My sister, Kate, recently visited Atlantic City with a large group of friends for the weekend. She related that she really enjoyed the spa services and it was loads of fun being kid-free with other unencumbered moms, however, she also is just not into gambling. She found A.C. sort of creepy and doesn't plan on returning any time soon. Even though I lived in New Jersey for many years and traveled to the shore towns close to Atlantic City, I have never once been tempted to stop there. I have often shook my head at the large number of buses that pass me, barreling down the Parkway, carrying loads of seniors with their packed quarters on their way to the slots. I admit it-- I just don't get the appeal.
Given this, imagine my surprise to find ourselves recently gambling in Atlantic City. OK. It's not in the way you are thinking. But flying back from Sarasota to LaGuardia, in the smallest plane I've ever traveled in, we found ourselves unexpectedly touching down in ol' A.C. and the visit there was not a particularly pleasant one. Supposedly, the fog in Queens was growing ever thicker and there was a large number of planes waiting to land in LaGuardia so air traffic controllers kept putting off our pilots. We did the air dance, hoping our number might be called, but our little wallflower of a plane kept backing up and circling without getting the official nod to land in New York City. The pilots made a decision to re-route to Atlantic City to refuel before attempting to land at LaGuardia again.
So there we were, making an unexpected and incredibly bumpy landing on the runway in one of the gambling hot spots on the East Coast. Now I am sure the pilots did not think of this setting down as quite the gamble Peter and I did as we assessed our situation. How many Goldfish did we have left? How about lollipops? And what about the laptop's battery? We had yet to fire it up this trip, thanks due to F falling asleep soon after our departure from Florida, finally napping after a week of no naps. Of course, he awoke as our jerky jet bumped through the air as it descended. C and S had been well-occupied in the first leg of the trip, reading the new chapter books that we had strategically purchased the day before (they had already run through the books we bought for going to FL). So-- just how long would our luck hold out?
We sat on the tarmac for an hour and then another with no sense how long we would be there. We were told we were not allowed to disembark, although many folks spotted a passenger out walking a little dog next to the plane. I guess cooped-up pups got some sort of dispensation. Some of the passengers started to get fidgety and a few shouts arose from the seats, although there were no threats of full-scale mutiny. Yet.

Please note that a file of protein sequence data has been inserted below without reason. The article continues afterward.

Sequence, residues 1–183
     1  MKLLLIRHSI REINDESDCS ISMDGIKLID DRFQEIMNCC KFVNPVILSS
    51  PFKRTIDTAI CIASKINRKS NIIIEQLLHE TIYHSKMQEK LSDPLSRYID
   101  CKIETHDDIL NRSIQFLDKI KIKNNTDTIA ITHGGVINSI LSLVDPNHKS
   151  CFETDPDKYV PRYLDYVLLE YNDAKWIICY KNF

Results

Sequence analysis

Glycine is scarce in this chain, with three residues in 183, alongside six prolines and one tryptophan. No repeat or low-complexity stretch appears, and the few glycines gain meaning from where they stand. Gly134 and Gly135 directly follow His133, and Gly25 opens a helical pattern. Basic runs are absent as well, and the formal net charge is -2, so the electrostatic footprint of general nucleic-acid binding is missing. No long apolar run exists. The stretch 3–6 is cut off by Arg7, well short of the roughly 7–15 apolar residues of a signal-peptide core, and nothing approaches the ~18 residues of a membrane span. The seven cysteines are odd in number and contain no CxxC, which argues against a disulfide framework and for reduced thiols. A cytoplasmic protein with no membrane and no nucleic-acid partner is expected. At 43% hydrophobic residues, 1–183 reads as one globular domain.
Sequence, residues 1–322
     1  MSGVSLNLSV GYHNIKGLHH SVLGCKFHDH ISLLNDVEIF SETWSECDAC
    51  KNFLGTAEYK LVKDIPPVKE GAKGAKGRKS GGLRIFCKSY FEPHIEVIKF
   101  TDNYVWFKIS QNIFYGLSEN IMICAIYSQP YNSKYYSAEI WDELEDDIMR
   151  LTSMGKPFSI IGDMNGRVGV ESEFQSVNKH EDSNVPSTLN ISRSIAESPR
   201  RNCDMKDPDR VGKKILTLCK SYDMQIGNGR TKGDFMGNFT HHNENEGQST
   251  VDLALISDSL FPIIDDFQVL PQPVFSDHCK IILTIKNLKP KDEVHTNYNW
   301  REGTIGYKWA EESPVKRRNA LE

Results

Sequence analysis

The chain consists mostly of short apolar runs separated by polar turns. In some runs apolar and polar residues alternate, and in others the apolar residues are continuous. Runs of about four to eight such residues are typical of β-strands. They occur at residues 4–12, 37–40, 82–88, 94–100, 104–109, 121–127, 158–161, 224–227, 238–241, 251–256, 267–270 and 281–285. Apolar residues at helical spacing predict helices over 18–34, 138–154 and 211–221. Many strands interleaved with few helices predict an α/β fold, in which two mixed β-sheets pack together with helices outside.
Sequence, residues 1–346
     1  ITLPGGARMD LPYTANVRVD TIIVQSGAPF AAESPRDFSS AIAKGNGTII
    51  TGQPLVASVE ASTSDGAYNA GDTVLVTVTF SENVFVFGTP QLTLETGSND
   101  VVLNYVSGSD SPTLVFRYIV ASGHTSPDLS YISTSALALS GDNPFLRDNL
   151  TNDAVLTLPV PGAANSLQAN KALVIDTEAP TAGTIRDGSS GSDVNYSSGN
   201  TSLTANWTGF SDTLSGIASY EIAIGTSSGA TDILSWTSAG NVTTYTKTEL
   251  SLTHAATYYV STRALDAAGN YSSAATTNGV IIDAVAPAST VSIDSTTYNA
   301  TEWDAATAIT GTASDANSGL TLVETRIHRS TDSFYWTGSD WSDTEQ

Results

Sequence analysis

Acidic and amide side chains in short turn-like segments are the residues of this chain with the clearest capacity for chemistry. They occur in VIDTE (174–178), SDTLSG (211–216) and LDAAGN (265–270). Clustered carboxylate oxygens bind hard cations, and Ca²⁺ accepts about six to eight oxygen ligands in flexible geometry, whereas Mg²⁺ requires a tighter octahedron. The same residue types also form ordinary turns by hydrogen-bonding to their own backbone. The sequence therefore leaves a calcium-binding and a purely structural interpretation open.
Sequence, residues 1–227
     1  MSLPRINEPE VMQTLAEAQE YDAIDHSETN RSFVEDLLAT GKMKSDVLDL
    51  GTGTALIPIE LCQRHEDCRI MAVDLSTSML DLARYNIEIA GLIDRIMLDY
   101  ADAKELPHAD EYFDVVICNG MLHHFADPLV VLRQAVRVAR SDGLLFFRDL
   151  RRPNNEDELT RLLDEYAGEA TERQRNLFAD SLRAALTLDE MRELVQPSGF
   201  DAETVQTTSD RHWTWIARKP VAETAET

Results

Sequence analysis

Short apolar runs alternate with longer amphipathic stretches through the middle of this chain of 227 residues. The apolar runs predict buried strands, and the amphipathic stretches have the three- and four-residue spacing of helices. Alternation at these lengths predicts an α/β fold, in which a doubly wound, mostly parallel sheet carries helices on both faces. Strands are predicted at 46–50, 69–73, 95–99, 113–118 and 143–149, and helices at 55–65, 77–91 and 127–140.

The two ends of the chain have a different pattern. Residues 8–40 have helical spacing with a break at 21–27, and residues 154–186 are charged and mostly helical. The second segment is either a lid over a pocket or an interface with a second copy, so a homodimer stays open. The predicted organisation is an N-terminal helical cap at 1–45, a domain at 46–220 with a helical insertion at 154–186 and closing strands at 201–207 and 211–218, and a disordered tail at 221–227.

F sucked and chewed on a lollipop-- a sure way to stop him from screaming. He wanted another. And another. P and I had to make some tough decisions and decided to save the last few for our eventual landing in New York. The SchoolHouse Rocks DVD quieted F and then S joined in, watching as he, too, grew restless. We siphoned off the snacks and the choices dwindled: no more pretzels, only one more bag of Goldfish, the less-popular toasted peanut butter crackers left. As the time marched on, one of the passengers told us that he was was worried it was getting close the time we might need to pull off a loaves and (Gold)fishes thing as our flight attendants didn't have any more to offer besides some lousy sweet biscuits. I was biting my lip, holding my breath a bit. The boys were hanging in there--but for how much longer?
Good news suddenly spewed from the speakers. We had our new flight plan. The refueling had begun. We would soon be in the air and would try to 'stay low' in order to 'sneak into LaGuardia without too much notice.' I swear the captain said that; I wasn't so sure I liked that idea but I did want to get to New York. We touched down at our correct destination and I breathed audibly. We had made it. The boys were troopers. It could have easily turned ugly but they hung in there. Perhaps we might just be able to fulfill some fantasy travels we've kicked around during some 'what if' talk late in the night. As we walked up the aisle to disembark, we gave a happy smile and a nod, a sort of exhausted but ebullient parenthood-in-arms gesture, toward the other set of parents, who were traveling with two young children. Crisis averted.
While waiting for our bags, a fellow passenger turned to us and said, "I just called my friend to tell him that there are still well-behaved children in the world, and they were all on my plane." We thanked him and gave props to our sons. We later agreed-- next time we fly, we're packing even more Goldfish and lollipops. You can bet on it.